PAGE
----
Cited by:

    1. Frank M. Fossen & Ronny Freier & Thorsten Martin, 2014. "Race to the Debt Trap?: Spatial Econometric Evidence on Debt in German Municipalities," Discussion Papers of DIW Berlin 1358, DIW Berlin, German Institute for Economic Research.
    2. Agrawal, David R., 2016. "Local fiscal competition: An application to sales taxation with multiple federations," Journal of Urban Economics, Elsevier, vol. 91(C), pages 122-138.
    3. Edoardo Di Porto & Vincent Merlin & Sonia Paty, 2013. "Cooperation among local governments to deliver public services: a "structural" bivariate response model with fixed effects and endogenous covariate," Post-Print halshs-00861226, HAL.
    4. Baskaran, Thushyanthan, 2015. "Tax mimicking in the short- and long-run: Evidence from German reunification," Center for European, Governance and Economic Development Research Discussion Papers 230, University of Goettingen, Department of Economics.
    5. Blesse, Sebastian & Martin, Thorsten, 2016. "Let's stay in touch - Evidence on the role of social learning in local tax interactions," Annual Conference 2016 (Augsburg): Demographic Change 145614, Verein für Socialpolitik / German Economic Association.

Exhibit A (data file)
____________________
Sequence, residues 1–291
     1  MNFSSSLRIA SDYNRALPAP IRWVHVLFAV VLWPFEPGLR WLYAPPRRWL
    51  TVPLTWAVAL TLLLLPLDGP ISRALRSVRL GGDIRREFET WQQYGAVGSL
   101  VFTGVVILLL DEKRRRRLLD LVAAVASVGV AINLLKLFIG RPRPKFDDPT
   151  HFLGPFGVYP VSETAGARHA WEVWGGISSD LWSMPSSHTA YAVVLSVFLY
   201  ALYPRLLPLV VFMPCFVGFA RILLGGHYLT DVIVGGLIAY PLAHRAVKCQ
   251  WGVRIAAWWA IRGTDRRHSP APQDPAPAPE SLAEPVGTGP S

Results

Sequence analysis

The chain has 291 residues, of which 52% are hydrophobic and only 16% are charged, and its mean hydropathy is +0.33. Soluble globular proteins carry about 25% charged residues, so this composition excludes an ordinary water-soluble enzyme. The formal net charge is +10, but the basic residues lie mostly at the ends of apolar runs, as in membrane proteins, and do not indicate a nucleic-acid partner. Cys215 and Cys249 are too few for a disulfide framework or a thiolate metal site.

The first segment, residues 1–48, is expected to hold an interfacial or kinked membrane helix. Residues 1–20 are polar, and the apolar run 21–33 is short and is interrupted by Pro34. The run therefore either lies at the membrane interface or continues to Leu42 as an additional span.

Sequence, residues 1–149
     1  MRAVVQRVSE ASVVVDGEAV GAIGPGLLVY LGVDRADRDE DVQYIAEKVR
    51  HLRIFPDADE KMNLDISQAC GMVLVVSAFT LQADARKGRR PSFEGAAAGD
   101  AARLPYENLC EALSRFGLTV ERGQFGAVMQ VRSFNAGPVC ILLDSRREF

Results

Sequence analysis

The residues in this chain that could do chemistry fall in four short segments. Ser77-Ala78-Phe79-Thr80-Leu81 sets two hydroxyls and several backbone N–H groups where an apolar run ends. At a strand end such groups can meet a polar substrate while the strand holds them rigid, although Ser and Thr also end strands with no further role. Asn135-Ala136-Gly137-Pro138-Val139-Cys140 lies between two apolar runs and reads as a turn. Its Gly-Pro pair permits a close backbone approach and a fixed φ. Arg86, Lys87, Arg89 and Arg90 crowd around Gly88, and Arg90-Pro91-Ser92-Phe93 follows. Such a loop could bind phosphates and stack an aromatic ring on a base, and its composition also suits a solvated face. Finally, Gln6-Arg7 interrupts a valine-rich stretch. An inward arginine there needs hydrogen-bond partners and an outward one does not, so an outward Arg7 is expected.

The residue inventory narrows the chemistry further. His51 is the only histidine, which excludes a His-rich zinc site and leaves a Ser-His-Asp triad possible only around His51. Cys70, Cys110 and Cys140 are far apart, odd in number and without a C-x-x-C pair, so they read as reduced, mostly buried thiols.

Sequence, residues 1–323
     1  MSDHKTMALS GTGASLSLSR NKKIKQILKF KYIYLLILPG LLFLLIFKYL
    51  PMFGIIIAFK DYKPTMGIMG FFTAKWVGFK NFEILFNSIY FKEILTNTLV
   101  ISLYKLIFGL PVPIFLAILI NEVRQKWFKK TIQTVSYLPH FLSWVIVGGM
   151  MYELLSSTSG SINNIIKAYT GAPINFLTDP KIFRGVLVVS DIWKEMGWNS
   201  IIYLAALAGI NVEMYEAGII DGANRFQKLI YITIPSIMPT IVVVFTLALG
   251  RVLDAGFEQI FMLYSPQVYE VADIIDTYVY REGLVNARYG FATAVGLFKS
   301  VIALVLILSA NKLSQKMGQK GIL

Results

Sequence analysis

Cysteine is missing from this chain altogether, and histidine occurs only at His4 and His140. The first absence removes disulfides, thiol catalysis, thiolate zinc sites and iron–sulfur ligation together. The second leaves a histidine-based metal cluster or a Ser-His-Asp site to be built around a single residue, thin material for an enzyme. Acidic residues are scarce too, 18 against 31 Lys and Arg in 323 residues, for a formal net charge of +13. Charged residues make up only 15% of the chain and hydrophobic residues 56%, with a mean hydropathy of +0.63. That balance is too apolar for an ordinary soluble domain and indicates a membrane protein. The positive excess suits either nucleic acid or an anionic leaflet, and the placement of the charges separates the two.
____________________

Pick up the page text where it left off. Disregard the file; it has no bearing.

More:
6. Baskaran, Thushyanthan, 2014. "Identifying local tax mimicking with administrative borders and a policy reform," Journal of Public Economics, Elsevier, vol. 118(C), pages 41-51.
    7. Geys, Benny & Osterloh, Steffen, 2012. "Borders as boundaries to fiscal policy interactions? An empirical analysis of politicians' opinions on rivals in the competition for firms," Discussion Papers, Research Professorship & Project "The Future of Fiscal Federalism" SP II 2012-113, WZB Berlin Social Science Center.